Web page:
All that scratching is pushing the pitch

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When I last interviewed Wilf Corrigan, before he moved up to chairman and ultimately parted company with LSI Logic, he argued that the Japanese chipmakers made one crucial mistake in the 1990s. They didn't trust chemical mechanical polishing (CMP).

I have a lot of sympathy for the Japanese technologists. If someone came to you and said: "We know you've taken a lot of care to put down those transistors. They're incredibly delicate structures. That's why we think you should go at the wafer with a Brillo pad and a bucket of acid."

In essence, CMP is a high-tech scouring process. You lower an abrasive pad onto a spinning wafer and you add a chemical slurry and you keep going until you think the wafer has been polished flat. Believe it or not, this works. CMP flattens surfaces other techniques cannot reach. Before CMP, the top surfaces of chips were lumpy affairs. Each layer you put down made it lumpier. It meant there was a limit to how much wiring you could get on the chip. Three layers and you were about done. A section through a chip looked more like a geological diagram of what rock strata look like after a few earthquakes.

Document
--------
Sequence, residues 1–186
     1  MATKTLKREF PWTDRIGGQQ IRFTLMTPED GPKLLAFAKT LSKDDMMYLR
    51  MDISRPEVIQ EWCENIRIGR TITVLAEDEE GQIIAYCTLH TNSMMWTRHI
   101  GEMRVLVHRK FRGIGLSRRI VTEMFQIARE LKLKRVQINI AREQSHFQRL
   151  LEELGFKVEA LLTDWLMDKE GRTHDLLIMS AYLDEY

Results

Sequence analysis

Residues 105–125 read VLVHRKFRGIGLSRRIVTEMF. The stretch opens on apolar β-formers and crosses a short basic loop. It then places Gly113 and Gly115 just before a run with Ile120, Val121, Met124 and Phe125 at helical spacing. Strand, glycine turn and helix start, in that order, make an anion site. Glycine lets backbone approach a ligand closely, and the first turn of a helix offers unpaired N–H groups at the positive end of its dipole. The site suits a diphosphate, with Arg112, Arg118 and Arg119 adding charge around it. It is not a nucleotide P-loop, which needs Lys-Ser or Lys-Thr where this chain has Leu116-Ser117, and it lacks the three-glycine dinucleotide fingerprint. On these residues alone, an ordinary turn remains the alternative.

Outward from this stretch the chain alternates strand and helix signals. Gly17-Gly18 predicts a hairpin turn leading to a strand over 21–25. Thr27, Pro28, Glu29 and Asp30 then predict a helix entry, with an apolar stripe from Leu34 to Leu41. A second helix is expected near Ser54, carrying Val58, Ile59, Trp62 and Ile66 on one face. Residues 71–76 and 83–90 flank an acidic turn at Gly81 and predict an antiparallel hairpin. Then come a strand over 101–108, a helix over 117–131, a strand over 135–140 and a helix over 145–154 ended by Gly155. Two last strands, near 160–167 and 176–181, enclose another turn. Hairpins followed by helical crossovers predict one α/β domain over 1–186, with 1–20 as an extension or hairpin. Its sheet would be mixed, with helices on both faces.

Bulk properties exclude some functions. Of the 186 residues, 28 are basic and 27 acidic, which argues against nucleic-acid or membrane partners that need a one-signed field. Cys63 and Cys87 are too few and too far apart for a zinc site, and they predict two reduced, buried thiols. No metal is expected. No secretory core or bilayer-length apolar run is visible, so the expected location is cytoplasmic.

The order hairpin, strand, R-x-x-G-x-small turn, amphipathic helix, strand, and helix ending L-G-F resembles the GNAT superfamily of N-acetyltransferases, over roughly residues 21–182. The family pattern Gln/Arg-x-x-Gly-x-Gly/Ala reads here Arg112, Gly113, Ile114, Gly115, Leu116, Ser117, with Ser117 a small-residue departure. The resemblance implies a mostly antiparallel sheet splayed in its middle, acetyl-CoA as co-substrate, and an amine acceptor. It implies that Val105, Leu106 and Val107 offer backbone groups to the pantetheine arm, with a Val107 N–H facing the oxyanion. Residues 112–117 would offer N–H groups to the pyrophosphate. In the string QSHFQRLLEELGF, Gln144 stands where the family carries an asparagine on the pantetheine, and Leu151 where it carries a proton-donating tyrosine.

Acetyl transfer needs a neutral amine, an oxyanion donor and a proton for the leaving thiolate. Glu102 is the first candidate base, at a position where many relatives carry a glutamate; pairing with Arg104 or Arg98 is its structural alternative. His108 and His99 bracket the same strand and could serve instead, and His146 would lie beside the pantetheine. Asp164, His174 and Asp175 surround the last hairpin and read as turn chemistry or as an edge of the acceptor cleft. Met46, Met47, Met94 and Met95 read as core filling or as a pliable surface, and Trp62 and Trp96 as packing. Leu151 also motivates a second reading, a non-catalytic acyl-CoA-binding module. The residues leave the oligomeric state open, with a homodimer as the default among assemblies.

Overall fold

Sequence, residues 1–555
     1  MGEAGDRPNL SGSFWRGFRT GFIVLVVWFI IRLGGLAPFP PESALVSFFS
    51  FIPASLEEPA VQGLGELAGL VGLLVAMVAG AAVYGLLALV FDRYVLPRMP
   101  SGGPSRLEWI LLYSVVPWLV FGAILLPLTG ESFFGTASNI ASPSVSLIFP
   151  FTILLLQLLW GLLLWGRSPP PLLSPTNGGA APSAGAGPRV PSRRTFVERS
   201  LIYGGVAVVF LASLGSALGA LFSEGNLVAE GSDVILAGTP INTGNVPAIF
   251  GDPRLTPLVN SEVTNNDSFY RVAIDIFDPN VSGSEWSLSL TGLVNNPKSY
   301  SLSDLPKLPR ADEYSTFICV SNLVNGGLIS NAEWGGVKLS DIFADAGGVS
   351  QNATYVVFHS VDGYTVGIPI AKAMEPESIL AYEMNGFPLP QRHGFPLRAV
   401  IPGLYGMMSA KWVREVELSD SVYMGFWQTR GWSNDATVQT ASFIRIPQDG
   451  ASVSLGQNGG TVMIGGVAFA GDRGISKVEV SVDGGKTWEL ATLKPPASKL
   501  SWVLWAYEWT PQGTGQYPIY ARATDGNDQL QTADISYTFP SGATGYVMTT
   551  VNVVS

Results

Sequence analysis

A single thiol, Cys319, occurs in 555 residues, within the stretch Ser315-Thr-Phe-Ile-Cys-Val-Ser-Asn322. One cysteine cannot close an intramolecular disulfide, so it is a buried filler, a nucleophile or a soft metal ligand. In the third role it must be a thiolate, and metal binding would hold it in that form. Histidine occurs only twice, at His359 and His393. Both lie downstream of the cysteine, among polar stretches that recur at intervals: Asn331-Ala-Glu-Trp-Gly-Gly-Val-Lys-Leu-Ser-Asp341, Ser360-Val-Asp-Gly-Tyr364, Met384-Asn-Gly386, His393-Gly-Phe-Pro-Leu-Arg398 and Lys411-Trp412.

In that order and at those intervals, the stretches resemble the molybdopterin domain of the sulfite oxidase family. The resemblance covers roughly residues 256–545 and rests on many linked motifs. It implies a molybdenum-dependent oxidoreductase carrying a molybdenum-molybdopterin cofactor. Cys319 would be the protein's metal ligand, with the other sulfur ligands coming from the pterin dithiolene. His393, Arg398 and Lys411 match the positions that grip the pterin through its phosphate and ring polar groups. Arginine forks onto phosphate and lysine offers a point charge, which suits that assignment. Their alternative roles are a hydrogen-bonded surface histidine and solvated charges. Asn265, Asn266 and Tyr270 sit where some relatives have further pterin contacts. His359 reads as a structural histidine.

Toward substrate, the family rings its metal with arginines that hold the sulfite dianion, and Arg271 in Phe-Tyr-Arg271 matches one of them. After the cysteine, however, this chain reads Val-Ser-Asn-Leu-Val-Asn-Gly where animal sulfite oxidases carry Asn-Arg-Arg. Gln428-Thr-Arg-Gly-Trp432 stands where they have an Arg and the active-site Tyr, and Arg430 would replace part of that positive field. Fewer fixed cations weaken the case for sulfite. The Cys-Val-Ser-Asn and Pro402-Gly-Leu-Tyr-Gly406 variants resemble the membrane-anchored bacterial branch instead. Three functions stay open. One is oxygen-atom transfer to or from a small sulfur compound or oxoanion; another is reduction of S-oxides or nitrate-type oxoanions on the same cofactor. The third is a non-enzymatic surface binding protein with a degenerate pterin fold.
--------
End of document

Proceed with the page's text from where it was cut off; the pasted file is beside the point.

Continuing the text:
The industry could not stick with three layers, they had to go higher. But they had to deal with the lumpiness. The answer was to take the scouring pad to the wafer after putting down another layer of metal. Believing that they could not control the quality of the polishing, the Japanese held back. But the US companies pressed on and started to retake a lead in chipmaking they lost ten years previously.

Intel reckons CMP can do a lot more. And Joseph Steigerwald turned up to IEDM in San Francisco to let them know what. There is an Intel-oriented subtext to his paean to the high-tech Brillo pad: it's a key component of the process used to make the metal gate stacks in the company's 45nm process and, most likely, the 32nm version. Where the rest of the business is focusing on the gate-first approach, Intel reckons that its approach works better. And CMP makes it possible.

The other place where CMP is going to be crucial is going to be in 3D integration, particularly where chips are bonded together and connected using metal vias that extend all the way through the wafer. And this is where another surprisingly reliable technology, reactive ion etch, plays a big role. Etching is arguably one of the most precise tools available to process engineers even though it revolves around pumping noxious gases into a chamber where they can start eating into the silicon. Luckily, those gases don't eat away at the hard masks that seal off portions of the wafer.

For things that look as though they really shouldn't work, CMP and etching have done pretty well for themselves.